Pangs of High Leverage
Nevin John June 24, 2020
Vital statistics often hide more than they reveal. India's 20 most-leveraged private sector companies, excluding those that have filed for bankruptcy, have a combined debt of Rs 15.4 lakh crore - almost half of the government's budget expenditure planned for FY21. The first five companies in the pecking order - Reliance Industries Ltd (RIL), Vodafone Idea, Bharti Airtel, Larsen & Toubro (L&T) and Tata Steel - account for Rs 7.7 lakh crore, according to the latest available numbers for FY19.
Even though they do not represent FY20 numbers since most firms are yet to finalise their annual reports, the debt burden of most companies is unlikely to see an erosion, except Reliance Industries, which recently got Rs 1.16 lakh crore from foreign investors by selling 24.7 per cent stake in subsidiary Jio Platforms Ltd (JPL). All the other companies in the pecking order are yet to come up with their debt-handling plans at a time when uncertainty surrounds the Indian economy. In the past, many of the high debtors in the list - Reliance Communications, Bhushan Steel, Essar Steel, Videocon, Lanco Infra and Jaiprakash Associates - had defaulted on loans and filed for bankruptcy. A few promoters lost their firms and some went for liquidation.
Not The Right Time
At present, it is difficult to service loans due to consecutive lockdowns. Companies that have availed the six-month moratorium offered by the Reserve Bank of India (RBI) will have to pay the principal and interest at the same time once the freeze is lifted after August. Bankers are worried since some of these companies are yet to achieve normalcy in cash flows.
For instance, steel companies are facing huge manpower shortage after migrant workers moved back to their native places. Orders from Europe and West Asia are lined up, but scaling up production is an issue. Carmakers are in the middle of deferring discretionary purchases by consumers, while real estate developers are struggling to find capital to complete ongoing projects. Incumbent players in the telecom industry - Bharti Airtel and Vodafone Idea - meanwhile will have to find investors to reduce debt and invest further to make their networks 5G-ready.
Seshagiri Rao, Joint Managing Director and Group Chief Financial Officer, JSW Steel, says while forecasting risk, companies work on different business scenarios by reducing capacity utilisation, selling prices and margins by 15-20 per cent, or increasing the cost of production at the same level. They anticipate the worst-case scenario based on these assumptions and build a liquidity buffer, while putting in place a balanced capital structure. But, according to Rao, all these assessments hold no value during the current crisis, since no company would have foreseen a zero top line for two months. The situation is not similar to managing compressed margins and deferred profitability, he adds.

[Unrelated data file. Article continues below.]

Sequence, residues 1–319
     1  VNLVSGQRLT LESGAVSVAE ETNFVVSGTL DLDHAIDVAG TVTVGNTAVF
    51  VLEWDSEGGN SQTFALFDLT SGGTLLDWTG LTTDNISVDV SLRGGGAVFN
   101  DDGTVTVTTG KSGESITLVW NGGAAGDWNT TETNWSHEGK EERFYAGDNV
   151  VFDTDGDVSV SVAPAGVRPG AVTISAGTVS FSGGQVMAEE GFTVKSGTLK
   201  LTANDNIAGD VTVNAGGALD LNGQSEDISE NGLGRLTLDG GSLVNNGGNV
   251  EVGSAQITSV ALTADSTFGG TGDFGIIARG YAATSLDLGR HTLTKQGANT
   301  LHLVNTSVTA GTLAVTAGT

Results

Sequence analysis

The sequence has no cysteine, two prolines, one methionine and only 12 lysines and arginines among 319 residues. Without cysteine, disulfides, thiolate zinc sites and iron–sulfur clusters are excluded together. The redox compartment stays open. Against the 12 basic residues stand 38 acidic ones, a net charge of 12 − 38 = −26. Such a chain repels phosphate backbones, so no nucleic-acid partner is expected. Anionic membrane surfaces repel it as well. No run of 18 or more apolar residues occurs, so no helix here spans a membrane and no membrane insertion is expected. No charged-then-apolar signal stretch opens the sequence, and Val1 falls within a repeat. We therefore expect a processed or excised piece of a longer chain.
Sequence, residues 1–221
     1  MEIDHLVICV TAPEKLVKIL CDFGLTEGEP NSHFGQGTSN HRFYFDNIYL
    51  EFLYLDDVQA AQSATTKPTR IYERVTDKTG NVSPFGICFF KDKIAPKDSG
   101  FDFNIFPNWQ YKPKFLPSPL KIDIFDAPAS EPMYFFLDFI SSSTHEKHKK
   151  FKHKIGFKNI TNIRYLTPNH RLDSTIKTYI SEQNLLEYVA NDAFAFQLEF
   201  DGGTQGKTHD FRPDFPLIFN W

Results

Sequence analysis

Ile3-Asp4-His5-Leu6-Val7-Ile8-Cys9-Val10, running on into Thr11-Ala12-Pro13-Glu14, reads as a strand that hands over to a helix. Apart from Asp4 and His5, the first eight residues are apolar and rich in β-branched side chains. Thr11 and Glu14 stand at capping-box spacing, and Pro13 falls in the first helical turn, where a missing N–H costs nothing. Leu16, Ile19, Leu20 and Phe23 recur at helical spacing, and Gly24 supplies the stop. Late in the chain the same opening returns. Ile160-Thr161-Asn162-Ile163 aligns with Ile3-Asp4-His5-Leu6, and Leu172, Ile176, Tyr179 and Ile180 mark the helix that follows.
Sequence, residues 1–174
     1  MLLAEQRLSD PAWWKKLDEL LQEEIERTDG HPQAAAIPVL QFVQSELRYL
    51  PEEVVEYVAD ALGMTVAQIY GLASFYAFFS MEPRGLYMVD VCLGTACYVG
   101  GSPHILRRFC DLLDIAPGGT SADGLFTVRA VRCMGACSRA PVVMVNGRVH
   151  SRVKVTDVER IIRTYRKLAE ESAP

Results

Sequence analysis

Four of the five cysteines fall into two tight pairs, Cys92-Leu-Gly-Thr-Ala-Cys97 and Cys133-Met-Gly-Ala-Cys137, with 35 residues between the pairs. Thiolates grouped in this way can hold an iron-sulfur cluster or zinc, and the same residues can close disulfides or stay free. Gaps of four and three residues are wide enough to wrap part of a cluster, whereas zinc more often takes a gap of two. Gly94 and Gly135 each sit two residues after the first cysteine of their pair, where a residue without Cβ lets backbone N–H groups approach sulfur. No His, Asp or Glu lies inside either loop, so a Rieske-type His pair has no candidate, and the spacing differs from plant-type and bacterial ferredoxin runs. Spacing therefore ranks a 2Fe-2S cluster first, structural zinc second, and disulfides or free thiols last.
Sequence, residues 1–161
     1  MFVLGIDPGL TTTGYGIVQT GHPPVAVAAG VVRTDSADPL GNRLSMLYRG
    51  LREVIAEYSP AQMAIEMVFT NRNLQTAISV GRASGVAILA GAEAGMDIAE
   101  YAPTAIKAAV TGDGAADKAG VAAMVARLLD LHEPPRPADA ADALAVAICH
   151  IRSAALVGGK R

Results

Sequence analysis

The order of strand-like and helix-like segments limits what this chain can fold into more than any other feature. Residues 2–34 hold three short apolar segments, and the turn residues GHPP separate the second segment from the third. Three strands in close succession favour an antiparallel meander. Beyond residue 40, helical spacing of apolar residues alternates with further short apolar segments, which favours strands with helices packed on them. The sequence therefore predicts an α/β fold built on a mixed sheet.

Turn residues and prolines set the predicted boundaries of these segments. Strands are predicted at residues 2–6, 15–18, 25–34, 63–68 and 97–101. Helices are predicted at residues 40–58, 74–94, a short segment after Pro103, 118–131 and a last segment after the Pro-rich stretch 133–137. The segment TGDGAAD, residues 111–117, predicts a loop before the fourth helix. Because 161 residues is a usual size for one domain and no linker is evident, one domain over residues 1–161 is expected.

Walking The Tightrope
Hit by the pandemic, Sajjan Jindal-led JSW Steel has slashed its capital expenditure plans for FY21 by almost 45 per cent to Rs 9,000 crore. The company had initially earmarked Rs 16,340 crore. Plans to double the capacity of its Dolvi plant in Maharashtra to 10 million tonnes (MT) have also been delayed by six months, primarily due to shortage of manpower and material. Tata Steel Europe, which was in discussion with the UK government for a Euro 500-million relief package, has restarted negotiations with Germany's Thyssenkrupp for a possible merger almost a year after the two firms called off a joint venture proposal citing the European Commission's objections. Both companies are now planning to sell off some of their assets to meet Europe's anti-competition norms. Besides, Tata Steel has also taken huge loans for building the Kalinganagar plant in Odisha, where it is raising the capacity from 3MT to 8MT. Naveen Jindal-led Jindal Steel and Power Ltd (JSPL), meanwhile, reduced its net debt by Rs 4,379 crore in FY20.
The four power majors in the list of the 20 most-indebted companies have a combined gross debt of Rs 1.63 lakh crore, with Adani Power topping the list. The current crisis has delayed the commissioning of the company's 1,600-MW ultra-supercritical, coal-based thermal power project in Jharkhand, which is being developed for the supply of 1,496 MW to the Bangladesh Power Development Board. The company has evoked the relevant clauses under the Power Purchase Agreement (PPA) with regard to Force Majeure and change in law, due to Covid-19.
Adani Power and Vedanta have also announced plans to delist since they are under-valued according to their managements. Vedantas net debt stood at Rs 21,273 crore on March 2020, Rs 5,683-crore less compared to a year-ago.
Tata Power, on the other hand, is selling overseas assets to reduce the pressure on debt. It recently sold three big dry, bulk cargo carriers it owned through a Singapore-based unit for $213 million. It is also looking to raise Rs 2,000 crore through a rights issue.
Another Tata Group firm, Tata Motors, plans to terminate around 1,100 temporary jobs at its arm Jaguar Land Rover. JLR's cost-control programme, Project Charge, is targeting Euro 5 billion in savings by the end of the current fiscal. So far, it has managed to save Euro 3.5 billion. The company, whose capital expenditure has declined by 40 per cent to Euro 2.5 billion due to economic woes, is also cutting down on working capital and cost overheads in manufacturing and materials.
Infrastructure major L&T has been planning to become asset-light for a long time. Recently, CEO and MD S.N. Subrahmanyan